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Next: 0.5.5.2 Source Code Up: 0.5.5 Julian Calendar Algorithms Previous: 0.5.5 Julian Calendar Algorithms

0.5.5.1 A Brief History of the Julian Calendar

The original Julian Calendar was introduced by Julius Caesar (thus the name) in 44 B.C. The length of a single year was to be equal to the time time it takes for the earth to orbit the sun once. This amount was estimated to be 365 days and 6 hours. Every fourth year the extra six hours were collected and added as an extra day to the year, creating a leap year of 366 days.

Because of a slight inaccuracy in estimation of a year's length under the original Julian Calendar (The true amount of time it takes for the Earth to complete one solar orbit is closer to 365 days, 5 hours, 49 minutes and 12 seconds), over a long period of time the extra minutes and seconds began to accumulate and things began to go wrong. Most notably the Spring Equinox, which occurs at a measurable fixed point in the Earth's orbit, began not to fall on the same date.

The ``new style'' Julian Calendar, upon which the algorithm presented here is based, dates from the year 1582. That is when Pope Gergory XIII decided to fix the messed up Julian calendar. To do so he skipped the date forward from October 5th to October 14th to trim time added due to the inaccuracy of the Julian calendar. He also redefined which years would be counter as leap years. Before, every year evenly divisible by four was leap; Pope Gregory changed the rules so that: All years evenly divisible by four were leap years except those evenly divisible by 100 and not also evenly divisible by 400. For instance, 1700, 1800, and 1900 are not leap years. They are evenly divisible by four but are also divisible by 100. The year 2000 is a leap year because it is evenly divisible by four and, even though it is also divisible by 100, it is also divisible by 400. The Gregorian calendar also set New Year's day to January first. The ``new style'' Julian Calendar is popularly called the Gregorian Calendar in honor of Pope Gregory.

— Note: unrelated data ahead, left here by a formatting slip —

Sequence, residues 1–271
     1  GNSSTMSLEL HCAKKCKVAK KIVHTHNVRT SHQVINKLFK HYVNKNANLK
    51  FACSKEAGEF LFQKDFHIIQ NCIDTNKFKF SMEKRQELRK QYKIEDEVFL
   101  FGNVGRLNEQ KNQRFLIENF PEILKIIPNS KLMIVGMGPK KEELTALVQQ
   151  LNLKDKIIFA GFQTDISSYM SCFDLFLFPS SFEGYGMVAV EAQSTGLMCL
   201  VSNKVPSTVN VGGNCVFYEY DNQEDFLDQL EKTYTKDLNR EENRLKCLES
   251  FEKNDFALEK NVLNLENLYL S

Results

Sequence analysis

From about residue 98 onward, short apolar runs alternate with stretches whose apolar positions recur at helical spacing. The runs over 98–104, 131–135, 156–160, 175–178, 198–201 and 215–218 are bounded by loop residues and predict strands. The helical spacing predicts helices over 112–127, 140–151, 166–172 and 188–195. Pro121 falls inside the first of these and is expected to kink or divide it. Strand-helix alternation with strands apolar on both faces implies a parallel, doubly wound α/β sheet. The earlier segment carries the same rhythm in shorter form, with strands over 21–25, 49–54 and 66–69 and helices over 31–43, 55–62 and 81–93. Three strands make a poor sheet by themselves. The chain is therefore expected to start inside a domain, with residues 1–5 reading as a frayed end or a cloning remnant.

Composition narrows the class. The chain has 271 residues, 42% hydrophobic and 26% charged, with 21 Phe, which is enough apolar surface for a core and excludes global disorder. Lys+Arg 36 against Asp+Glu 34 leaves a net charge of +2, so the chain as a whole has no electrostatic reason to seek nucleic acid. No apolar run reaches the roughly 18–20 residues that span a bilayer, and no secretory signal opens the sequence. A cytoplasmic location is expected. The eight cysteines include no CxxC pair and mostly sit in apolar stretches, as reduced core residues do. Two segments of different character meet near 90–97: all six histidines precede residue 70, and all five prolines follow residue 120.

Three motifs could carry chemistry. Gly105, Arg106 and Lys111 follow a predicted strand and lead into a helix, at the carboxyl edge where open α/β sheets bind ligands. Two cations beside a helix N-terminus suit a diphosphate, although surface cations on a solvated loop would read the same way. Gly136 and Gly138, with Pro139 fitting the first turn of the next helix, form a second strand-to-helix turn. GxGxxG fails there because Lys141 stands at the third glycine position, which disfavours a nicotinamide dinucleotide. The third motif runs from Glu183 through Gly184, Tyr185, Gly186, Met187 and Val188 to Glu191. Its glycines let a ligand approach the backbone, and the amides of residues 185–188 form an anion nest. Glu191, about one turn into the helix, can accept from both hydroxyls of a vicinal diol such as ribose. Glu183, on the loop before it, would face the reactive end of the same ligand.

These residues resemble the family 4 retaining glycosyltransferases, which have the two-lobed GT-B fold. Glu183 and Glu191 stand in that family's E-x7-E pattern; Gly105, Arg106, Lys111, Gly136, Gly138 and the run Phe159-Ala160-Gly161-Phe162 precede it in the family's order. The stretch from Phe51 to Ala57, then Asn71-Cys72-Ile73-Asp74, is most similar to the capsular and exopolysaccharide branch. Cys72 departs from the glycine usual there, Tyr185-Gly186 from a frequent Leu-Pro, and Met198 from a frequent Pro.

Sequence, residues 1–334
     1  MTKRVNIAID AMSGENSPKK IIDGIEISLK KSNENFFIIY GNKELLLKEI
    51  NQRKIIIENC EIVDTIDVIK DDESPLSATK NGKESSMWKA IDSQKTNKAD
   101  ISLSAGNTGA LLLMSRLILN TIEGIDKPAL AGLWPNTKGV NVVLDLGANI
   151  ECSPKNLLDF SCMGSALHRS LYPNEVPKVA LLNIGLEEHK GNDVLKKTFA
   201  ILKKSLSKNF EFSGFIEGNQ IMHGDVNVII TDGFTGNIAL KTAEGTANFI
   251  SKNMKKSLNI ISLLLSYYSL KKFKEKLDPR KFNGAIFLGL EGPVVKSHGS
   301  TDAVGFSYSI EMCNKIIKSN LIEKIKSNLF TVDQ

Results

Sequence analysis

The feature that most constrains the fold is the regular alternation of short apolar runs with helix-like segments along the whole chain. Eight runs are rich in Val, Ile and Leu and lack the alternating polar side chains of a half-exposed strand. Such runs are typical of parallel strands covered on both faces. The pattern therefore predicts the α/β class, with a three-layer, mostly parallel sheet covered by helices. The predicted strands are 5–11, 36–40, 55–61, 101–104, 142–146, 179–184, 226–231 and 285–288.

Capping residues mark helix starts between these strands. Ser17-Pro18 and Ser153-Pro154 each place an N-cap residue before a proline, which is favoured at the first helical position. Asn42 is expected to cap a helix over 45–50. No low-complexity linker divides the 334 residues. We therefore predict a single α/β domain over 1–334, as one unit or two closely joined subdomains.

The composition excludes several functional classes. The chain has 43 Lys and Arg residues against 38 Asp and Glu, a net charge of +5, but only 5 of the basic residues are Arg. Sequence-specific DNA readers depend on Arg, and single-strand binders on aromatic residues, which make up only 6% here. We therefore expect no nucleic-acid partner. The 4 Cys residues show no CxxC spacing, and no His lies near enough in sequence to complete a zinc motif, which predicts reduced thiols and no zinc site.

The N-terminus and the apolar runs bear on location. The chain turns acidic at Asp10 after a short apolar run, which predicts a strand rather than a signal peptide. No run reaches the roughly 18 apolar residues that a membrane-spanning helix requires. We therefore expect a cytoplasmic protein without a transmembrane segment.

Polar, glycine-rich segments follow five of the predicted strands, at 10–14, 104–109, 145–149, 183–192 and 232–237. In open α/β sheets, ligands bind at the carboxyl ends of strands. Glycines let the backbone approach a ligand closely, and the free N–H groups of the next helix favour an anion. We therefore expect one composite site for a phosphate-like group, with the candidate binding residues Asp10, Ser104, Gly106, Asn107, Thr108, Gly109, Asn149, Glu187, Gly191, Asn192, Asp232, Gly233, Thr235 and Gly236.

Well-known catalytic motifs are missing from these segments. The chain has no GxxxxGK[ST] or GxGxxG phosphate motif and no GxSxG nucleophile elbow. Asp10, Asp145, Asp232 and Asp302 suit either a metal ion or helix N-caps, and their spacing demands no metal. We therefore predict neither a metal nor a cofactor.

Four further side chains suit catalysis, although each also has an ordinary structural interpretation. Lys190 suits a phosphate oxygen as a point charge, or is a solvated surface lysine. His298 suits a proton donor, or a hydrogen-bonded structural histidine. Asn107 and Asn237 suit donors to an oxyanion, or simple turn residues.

Interestingly, only Catholic countries used this better calendar right away. Many Protestent countries, however, adopted it over the next two centuries. Most did so around 1700. England held out until 1752. Others waited until the early 1900s. Some Greek Orthadox countries opted to create their own calendar (a modified version of the Gregorian system) and use it instead today.

The ``new style'' (Gregorian) calendar should accurately model the Earth's movement around the sun for some 40,000 more years.

A mistake commonly made is to confuse ``Julian day numbers'' with the ``Julian calendar.'' The Julian calendar is the system implemented in 44 A.D. by Caesar. Julian day numbers (which are based on the calendar and are calculated by the code in the following section) were proposed by a monk and named ``Julian'' after his father (not Caesar). Day numbers are simply the number of days elapsed since a fixed starting date. That date is arbitrary but often set to January 1st, 4713 B.C. (which the monk thought was pretty darn close to when the biblical creation story in Genesis must have taken place). Other day numbering routines use different days as ``day zero.''

Scott Gasch
1999-07-09